I don't like to think that, because I've always tried to see the best in situations. Things might be hard, but there will always be a reason to be thankful. There is always a light at the end of the tunnel, that I kept running towards this year, not stopping along the way. I knew once I reached that light, things would be okay. And I am okay. But I feel much better knowing I can close the chapter on this past year and look forward to a new one.

I haven't posted an update since October of last year. It's been five months, and life is steadily moving along. "we're on our way," detailed Paul's improving health and discharge from City of Hope, along with somewhat of a conclusion on that season of life. It continues to be my most-read post on my blog, almost to 1,000 views. Other writing pales in comparison to what I wrote in that post, and often times I find myself rereading those words, especially recently. Life has returned to normal, if you can call it that. Paul and I are both back at work, enjoying weekend trips, and life as it was before the diagnosis. Here and there, we find subtle reminders of what last year brought for us, and often it finds it's way back into my mind. I sometimes find myself going back to what life was like in September, when Paul was in the midst of his fight, and I found myself sitting next to him, concerned with nothing else in the world, not class assignments, not work, not my own selfish needs. That entire journey, was the marking moment of year 23. And yes, there were triumphs, and victories, and an eventual resolution, but I will be frank and I will be honest...it was so incredibly hard. The valleys were dark, and deep, and there were only a few mountains along the way. And when you reached a mountain, you still had to climb it.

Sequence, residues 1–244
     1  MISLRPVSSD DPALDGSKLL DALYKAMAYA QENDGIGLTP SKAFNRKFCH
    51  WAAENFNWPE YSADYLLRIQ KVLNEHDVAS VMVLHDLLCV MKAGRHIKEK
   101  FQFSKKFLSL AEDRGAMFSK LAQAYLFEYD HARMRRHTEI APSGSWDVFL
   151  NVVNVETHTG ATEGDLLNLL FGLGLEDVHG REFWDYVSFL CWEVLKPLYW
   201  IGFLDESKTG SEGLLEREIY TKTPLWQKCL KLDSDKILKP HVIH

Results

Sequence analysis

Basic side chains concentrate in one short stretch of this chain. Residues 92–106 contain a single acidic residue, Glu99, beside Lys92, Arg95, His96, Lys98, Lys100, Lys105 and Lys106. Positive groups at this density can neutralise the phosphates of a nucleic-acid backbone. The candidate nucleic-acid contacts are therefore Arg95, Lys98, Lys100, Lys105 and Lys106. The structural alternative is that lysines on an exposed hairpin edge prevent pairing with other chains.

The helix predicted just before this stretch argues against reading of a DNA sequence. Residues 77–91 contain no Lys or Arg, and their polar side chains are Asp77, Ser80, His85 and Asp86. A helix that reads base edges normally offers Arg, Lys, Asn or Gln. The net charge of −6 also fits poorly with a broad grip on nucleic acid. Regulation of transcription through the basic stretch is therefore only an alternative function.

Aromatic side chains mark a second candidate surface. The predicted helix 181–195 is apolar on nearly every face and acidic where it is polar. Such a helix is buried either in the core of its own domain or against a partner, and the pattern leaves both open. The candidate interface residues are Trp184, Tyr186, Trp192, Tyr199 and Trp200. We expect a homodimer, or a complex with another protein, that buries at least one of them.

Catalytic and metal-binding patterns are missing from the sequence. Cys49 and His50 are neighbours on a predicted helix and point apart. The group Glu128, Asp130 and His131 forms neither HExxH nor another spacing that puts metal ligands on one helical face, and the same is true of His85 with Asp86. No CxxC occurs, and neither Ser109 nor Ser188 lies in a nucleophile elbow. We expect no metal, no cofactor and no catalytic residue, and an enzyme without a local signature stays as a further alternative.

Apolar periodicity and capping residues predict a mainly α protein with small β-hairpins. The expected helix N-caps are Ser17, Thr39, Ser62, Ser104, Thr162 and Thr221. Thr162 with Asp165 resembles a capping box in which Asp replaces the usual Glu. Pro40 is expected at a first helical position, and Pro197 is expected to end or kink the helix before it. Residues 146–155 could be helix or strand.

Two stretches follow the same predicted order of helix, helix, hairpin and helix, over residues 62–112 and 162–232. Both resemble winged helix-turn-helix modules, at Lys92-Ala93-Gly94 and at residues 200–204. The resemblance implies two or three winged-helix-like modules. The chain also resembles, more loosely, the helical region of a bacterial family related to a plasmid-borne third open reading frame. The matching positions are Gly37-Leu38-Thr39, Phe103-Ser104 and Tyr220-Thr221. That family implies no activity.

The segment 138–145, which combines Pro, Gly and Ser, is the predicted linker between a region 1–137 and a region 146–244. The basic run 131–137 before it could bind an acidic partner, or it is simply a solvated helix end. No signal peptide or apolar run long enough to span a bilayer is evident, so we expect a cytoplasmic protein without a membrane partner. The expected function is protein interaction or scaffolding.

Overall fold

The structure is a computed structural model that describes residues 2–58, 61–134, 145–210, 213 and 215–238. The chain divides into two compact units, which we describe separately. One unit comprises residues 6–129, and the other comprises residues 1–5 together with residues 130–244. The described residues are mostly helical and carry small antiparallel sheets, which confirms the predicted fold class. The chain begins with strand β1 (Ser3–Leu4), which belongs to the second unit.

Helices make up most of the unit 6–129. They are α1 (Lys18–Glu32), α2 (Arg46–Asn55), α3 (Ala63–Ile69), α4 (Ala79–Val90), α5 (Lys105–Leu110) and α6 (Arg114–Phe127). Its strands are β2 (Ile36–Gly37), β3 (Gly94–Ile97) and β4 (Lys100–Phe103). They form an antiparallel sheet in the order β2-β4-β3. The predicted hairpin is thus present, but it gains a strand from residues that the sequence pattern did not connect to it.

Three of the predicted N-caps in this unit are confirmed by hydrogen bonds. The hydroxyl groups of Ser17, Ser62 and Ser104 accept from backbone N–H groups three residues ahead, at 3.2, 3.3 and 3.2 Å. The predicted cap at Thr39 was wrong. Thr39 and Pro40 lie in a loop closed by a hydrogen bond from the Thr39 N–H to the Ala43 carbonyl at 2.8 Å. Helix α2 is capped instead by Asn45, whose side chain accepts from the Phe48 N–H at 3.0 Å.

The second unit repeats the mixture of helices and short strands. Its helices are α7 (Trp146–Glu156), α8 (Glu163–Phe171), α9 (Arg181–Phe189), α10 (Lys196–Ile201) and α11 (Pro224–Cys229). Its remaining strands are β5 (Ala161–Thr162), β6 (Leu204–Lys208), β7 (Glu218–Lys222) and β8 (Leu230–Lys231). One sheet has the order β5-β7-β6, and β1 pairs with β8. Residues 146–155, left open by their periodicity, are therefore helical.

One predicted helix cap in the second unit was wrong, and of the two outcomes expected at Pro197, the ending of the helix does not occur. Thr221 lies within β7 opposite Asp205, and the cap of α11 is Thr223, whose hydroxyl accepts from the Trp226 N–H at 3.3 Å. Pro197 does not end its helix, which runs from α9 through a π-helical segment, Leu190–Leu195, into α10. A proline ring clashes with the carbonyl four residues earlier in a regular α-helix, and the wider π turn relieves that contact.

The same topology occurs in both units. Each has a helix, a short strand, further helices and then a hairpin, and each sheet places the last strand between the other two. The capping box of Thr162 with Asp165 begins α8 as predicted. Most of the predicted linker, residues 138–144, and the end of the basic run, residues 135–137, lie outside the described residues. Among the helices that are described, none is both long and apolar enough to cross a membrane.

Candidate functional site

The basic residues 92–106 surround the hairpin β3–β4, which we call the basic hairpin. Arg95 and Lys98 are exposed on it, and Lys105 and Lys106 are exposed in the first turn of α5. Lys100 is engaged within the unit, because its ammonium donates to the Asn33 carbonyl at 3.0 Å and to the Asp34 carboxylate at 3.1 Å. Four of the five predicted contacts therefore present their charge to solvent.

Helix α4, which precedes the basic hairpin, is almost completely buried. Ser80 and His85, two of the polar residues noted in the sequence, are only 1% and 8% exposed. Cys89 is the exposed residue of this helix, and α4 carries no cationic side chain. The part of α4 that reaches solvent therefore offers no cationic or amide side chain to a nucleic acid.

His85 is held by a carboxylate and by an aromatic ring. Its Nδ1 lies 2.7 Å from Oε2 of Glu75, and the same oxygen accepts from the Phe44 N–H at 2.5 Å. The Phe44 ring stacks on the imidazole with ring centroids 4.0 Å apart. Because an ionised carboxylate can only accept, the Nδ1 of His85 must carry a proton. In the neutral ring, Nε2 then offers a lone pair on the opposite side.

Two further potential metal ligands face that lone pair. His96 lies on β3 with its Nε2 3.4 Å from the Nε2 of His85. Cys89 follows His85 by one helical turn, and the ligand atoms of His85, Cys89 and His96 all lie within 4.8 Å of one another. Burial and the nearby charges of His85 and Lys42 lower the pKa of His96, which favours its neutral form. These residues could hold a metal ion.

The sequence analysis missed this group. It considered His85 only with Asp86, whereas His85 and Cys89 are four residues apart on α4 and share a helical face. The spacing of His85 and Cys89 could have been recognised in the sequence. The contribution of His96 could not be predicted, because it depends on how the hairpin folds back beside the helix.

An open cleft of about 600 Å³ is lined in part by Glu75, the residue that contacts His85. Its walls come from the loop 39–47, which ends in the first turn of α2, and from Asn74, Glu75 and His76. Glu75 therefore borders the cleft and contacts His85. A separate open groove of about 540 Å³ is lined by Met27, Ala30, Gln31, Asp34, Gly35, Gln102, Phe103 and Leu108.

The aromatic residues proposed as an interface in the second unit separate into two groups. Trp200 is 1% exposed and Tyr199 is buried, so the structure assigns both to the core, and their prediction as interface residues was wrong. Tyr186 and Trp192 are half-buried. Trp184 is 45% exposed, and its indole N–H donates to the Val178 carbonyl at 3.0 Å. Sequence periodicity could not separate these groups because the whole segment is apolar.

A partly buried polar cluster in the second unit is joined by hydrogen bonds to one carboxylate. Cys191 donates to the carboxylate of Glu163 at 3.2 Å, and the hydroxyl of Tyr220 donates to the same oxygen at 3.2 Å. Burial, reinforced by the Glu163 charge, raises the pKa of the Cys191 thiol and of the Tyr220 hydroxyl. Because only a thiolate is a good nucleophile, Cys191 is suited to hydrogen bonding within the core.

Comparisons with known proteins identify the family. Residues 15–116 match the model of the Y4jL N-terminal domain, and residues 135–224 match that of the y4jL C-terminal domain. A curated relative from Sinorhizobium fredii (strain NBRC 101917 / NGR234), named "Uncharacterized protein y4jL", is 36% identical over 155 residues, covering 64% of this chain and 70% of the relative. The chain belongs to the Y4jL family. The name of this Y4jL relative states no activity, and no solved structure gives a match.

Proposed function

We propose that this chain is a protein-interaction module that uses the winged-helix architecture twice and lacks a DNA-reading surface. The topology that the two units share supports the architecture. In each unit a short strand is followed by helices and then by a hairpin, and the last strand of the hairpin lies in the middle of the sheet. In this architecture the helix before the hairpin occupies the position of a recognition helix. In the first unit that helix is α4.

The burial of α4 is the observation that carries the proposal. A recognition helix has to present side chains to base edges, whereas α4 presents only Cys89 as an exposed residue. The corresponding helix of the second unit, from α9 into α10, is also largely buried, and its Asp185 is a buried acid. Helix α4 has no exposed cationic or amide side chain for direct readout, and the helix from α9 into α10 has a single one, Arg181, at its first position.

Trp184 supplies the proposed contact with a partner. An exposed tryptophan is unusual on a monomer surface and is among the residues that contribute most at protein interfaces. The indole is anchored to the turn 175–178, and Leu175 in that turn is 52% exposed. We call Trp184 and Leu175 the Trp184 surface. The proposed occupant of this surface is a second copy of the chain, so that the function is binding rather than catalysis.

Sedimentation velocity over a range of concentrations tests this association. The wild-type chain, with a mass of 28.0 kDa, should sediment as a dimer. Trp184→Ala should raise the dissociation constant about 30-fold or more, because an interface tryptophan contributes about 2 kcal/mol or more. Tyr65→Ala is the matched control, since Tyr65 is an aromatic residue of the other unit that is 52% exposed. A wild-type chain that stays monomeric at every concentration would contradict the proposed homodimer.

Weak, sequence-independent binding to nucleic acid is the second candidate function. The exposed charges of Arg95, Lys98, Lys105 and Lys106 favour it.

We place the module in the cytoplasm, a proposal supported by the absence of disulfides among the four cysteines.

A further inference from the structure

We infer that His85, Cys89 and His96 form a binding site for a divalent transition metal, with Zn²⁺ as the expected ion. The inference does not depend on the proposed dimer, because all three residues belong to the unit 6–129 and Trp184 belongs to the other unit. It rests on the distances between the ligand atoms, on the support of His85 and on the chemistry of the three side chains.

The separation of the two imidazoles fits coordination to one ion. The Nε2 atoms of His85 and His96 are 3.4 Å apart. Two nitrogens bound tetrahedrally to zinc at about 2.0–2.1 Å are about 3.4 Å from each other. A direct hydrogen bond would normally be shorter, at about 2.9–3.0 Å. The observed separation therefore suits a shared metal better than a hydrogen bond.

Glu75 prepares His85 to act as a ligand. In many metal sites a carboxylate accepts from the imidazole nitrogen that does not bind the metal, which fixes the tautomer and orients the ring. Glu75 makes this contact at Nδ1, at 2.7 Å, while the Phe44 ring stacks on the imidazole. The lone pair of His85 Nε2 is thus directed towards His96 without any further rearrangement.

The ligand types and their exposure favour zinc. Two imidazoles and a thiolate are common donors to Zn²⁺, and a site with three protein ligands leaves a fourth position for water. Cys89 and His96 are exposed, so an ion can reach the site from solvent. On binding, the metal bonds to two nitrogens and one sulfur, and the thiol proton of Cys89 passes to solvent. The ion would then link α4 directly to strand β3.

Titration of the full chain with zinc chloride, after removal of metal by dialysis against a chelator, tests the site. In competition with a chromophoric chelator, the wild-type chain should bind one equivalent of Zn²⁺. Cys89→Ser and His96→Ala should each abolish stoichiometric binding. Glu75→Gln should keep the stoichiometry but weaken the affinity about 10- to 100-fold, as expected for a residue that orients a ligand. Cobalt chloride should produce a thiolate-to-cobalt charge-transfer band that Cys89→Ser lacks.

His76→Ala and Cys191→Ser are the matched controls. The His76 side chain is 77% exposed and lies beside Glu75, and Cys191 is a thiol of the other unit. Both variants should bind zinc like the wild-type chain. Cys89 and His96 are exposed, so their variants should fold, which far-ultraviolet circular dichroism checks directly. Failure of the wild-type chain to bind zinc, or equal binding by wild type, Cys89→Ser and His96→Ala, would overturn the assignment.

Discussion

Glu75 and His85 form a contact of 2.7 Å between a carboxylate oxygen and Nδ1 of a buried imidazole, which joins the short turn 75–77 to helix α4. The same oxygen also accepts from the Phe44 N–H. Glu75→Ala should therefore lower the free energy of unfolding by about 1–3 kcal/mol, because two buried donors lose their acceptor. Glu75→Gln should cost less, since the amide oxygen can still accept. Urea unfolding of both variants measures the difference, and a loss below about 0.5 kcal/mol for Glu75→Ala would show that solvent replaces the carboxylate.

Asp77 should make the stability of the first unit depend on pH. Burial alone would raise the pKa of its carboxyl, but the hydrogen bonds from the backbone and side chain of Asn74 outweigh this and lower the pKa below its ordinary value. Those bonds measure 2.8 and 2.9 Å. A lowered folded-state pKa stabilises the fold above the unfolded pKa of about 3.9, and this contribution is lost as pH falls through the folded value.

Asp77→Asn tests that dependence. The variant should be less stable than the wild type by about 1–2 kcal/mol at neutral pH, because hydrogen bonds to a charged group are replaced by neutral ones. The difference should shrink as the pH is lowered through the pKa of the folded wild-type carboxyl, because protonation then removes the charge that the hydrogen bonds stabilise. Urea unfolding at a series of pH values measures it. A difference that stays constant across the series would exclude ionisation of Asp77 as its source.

Reaching the heights of those mountains took a lot out of me. I reached the peaks exhausted, tired, relying on the support from others around me, who carried me in the moments I needed it most this last year. The moments from this past year that made me smile, made me laugh, reminded me of why we choose to climb those mountains in our lives. In retrospect, I don't know if year 23 was a good year. But I know that I learned why we climb the mountains we face in our lives, why we face them instead of avoiding them. The lessons you learn along the way, the people who come alongside you, the journey you take teaches you more and more with each mountain, with each year.

Year 23 wasn't that good, but year 23 taught me more than I could have ever imagined.

About myself, about love, about self-sacrifice.
About trusting the Lord, deeply, honestly, truthfully.
About vulnerability.
About the power of community.

I looked at the candles on my cake tonight, slowly burning and flickering in my dim apartment. It seemed like a lifetime I looked at them and thought about closing the chapter on year 23 and beginning year 24. A million thoughts, desires, wishes, ran through my head. And I didn't settle on any of them.

I blew out the candles, confidently, and joyfully.
If anything, I know this to be true.

Whatever year 24 holds, there will be mountains to climb, and lessons to learn.


Respectfully submitted,
Leah